Creating a lasting green legacy
As we work towards our goal of creating a 30,000 acre broadleaf forest in the heart of England, it’s important that we focus not just on the steps we need to take today to achieve this vision, but the long term impact these actions will have on people and planet.
We know that, while tree planting is a critical part of creating a better environmental future for the next generation, simply filling a field with saplings to reach planting targets will not go far enough to guaranteeing a legacy in the form of a greener, more biodiverse landscape.
Our Forest and beyond
We have been drawing on our knowledge and years of experience to develop a set of ‘Here for Life’ principles that will act as a guide to help us, and other organisations, maximise the amount of biodiverse forest created over the next 100 years and beyond.
These principles will also help us to highlight the importance of creating biodiverse habitats that support not just wildlife, but human life, and give us all the best chance of adapting to our changing climate.
Here for Life principles
Learn more about our principles and some of the ways that we are putting them into practice:
1. Prioritising establishing and growing forests that provide biodiverse habitats
Protecting and restoring Britain’s forests must go beyond trees. Schemes must consider how to maximise biodiverse interconnected habitats that support the UK’s native animal and plant life. They must also consider human life, and what sort of spaces most benefit diversity through accessibility, and future generations. Almost 6 in 10 people in a recent survey we ran said that creating healthier habitats for humans to live in is key to creating a green legacy.
To work towards this aim, we are creating a connected Forest with green corridors, hundreds of miles of access for people to spend time in the outdoors and are collaborating closely with partner organisations and the Local Biodiversity Action Plans to ensure the habitats created support and contribute to these.
Growing forests with biodiversity in mind can be a powerful tool to protecting and fostering threatened native species such as the brown hairstreak butterfly, skylark, linnet, and brown long-eared bat, all of which can be found in the Heart of England Forest.
2. Learning from the past, adapting for the future
What is left of Britain’s small pockets of ancient woodland teaches us many lessons about how we can help to protect and preserve trees today. The planet is changing rapidly, and climate adaptation is more important than ever. Forests being planted must not just be for the planet we have now, but the planet of the future if they are to stand the best chance of survival. We must consider population growth, a warming climate, flooding and droughts, and the impact of these on our woodlands.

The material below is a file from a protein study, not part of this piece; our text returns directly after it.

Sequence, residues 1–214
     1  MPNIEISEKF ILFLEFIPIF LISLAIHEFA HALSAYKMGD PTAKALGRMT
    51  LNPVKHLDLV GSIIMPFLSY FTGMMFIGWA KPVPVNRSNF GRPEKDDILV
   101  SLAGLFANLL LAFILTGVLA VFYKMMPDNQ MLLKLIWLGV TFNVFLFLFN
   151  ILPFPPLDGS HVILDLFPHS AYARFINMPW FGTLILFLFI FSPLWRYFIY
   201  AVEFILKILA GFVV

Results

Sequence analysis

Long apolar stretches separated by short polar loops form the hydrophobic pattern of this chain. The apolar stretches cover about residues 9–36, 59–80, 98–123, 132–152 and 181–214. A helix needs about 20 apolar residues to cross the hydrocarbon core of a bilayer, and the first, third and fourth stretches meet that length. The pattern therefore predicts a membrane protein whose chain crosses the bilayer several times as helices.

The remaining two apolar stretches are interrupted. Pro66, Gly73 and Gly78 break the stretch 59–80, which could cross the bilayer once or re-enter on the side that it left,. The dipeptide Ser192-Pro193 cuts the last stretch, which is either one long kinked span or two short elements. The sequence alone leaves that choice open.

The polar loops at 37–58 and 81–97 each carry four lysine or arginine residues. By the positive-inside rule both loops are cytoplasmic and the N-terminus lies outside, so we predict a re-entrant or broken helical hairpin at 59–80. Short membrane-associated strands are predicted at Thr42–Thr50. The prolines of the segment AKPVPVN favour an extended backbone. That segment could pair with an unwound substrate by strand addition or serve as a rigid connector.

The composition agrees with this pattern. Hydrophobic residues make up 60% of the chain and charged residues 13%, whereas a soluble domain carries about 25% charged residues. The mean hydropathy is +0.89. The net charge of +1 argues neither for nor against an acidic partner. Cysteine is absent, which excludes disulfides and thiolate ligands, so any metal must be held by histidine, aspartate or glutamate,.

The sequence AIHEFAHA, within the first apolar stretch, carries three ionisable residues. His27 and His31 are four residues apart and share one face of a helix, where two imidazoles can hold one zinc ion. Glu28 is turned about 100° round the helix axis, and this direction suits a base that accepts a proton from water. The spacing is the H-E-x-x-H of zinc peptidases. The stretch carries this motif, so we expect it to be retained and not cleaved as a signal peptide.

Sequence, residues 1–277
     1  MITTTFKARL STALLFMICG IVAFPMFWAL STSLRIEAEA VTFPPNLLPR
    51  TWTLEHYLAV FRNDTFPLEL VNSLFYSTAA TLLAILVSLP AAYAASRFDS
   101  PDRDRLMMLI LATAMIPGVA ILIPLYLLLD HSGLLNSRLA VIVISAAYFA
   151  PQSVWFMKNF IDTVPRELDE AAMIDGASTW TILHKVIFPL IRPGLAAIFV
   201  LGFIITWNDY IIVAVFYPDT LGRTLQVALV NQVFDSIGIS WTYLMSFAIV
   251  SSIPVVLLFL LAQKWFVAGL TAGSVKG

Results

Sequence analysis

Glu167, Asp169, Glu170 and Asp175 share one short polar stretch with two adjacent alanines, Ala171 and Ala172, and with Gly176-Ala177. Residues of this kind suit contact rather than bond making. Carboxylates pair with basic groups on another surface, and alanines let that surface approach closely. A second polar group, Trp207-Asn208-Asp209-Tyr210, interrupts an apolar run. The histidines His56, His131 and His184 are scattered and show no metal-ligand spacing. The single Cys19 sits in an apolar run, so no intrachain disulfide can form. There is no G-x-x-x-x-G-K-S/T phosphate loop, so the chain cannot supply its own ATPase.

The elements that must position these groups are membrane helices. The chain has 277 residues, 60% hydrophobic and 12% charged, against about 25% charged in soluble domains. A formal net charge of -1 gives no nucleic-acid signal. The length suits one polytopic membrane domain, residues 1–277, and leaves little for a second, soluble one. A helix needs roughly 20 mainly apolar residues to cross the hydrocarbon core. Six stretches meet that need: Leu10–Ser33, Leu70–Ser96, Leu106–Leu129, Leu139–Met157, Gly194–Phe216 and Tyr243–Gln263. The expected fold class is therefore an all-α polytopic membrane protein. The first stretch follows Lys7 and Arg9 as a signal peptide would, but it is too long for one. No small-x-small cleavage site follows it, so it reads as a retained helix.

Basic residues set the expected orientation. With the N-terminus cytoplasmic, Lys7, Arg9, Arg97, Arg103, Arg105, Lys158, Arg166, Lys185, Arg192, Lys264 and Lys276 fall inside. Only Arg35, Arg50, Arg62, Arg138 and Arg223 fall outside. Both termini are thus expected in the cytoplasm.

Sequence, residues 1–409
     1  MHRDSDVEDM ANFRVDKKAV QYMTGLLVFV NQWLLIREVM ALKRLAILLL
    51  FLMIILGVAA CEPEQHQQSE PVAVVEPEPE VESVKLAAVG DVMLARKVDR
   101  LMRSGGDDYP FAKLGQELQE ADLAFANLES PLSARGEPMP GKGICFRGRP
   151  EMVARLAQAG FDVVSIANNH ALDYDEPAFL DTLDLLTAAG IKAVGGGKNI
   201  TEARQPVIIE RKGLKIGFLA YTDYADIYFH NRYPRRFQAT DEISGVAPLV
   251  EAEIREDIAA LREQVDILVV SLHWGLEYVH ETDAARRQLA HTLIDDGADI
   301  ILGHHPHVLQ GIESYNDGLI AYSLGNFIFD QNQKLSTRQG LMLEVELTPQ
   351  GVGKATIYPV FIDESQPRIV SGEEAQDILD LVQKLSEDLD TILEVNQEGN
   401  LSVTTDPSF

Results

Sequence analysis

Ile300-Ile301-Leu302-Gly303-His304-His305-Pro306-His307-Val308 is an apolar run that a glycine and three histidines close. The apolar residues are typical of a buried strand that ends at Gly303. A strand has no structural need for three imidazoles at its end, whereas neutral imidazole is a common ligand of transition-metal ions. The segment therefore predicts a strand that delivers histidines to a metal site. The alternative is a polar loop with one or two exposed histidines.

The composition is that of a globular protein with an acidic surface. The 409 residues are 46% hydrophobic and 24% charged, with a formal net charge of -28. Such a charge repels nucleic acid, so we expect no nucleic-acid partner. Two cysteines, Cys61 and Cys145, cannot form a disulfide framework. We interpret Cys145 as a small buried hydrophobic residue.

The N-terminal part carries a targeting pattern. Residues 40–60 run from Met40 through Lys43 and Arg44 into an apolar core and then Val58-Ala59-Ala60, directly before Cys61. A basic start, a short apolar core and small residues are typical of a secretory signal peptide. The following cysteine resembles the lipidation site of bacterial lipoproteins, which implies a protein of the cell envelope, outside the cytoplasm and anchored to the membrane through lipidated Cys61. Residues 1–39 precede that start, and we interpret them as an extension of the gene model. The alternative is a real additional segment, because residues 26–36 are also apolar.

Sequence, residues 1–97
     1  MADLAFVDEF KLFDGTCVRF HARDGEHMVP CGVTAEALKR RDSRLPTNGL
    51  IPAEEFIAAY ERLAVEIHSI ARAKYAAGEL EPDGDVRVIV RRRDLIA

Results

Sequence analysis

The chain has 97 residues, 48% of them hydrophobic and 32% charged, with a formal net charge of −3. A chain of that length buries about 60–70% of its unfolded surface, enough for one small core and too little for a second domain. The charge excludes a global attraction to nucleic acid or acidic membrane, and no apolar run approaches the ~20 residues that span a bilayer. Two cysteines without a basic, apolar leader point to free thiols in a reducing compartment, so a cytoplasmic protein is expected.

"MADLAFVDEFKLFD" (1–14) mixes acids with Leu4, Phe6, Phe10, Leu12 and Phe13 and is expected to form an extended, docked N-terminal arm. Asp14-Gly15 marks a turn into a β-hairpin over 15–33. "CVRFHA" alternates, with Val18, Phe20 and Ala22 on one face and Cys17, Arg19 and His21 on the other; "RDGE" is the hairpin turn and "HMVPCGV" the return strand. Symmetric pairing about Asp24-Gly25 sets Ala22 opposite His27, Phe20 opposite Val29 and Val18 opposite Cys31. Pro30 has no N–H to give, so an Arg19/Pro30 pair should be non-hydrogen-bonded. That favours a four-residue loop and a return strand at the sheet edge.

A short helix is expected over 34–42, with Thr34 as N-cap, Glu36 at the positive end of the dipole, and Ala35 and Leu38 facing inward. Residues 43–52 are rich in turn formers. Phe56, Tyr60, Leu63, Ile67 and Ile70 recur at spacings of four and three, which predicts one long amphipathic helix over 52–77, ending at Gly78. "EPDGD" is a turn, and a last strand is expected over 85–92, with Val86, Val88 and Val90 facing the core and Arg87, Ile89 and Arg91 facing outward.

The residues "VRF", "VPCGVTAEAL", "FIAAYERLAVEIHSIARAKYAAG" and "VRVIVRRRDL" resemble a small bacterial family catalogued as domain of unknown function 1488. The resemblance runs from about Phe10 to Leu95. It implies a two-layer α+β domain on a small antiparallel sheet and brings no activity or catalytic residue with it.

We plant a variety of up to 30 native species to create a climate change resilient woodland and mitigate against losses and our team keeps up to date with the latest scientific research on climate change adaptation for conservation and woodlands. We are putting back the woodlands that were lost in this part of the country, for example where the ancient Forests of Arden and Feckenham once were, and acquiring, enhancing, and protecting woodland where we can, such as at Alne Wood, Roundhill Wood and Fern Bank Wood as part of the Forest mosaic.
3. Think Global - Act Local
There is no ‘one size fits all’ approach to tree planting. While the challenges of protecting our forests are national, and even global, we must adapt our approach to suit local habitats, climates, and geographies. Even across the UK, this ranges dramatically from place to place, and what is right in some areas is not right in others. Our forests, wetlands and hedgerows across the country are intertwined and physically connected, providing migration corridors for biodiversity, helping to create resilience to climate change.
Local partnerships are vital to the work we do as an organisation, whether that’s partnering with local businesses or local authorities on projects such as those to alleviate local flooding, or engaging members of our community as volunteers. We also share our research and learnings with other regional and national stakeholders to help inform conservation efforts across the board.
4.Creating spaces that are part of the fabric of our communities
Forests will be spaces of vital importance for generations to come, and we must also consider how they become part of local collective heritage and culture, so that they are valued by all. Today’s young people will be the ones looking after forests of the future, and should be involved in their creation and preservation from the very beginning where possible. We strive to involve local people of all ages and backgrounds in the growing and protecting of our forests, both old and new, through community outreach.
Helping create a Forest that is here for life
Whether people get involved through volunteering opportunities, access to events and activities within the Forest, or some of our regular clubs and education programmes aimed at instilling a love of nature from a young age, we want everyone to feel that they have a role to play in, and can benefit from, ensuring the forest continues to grow and thrive and provide a haven for life in all its glorious forms.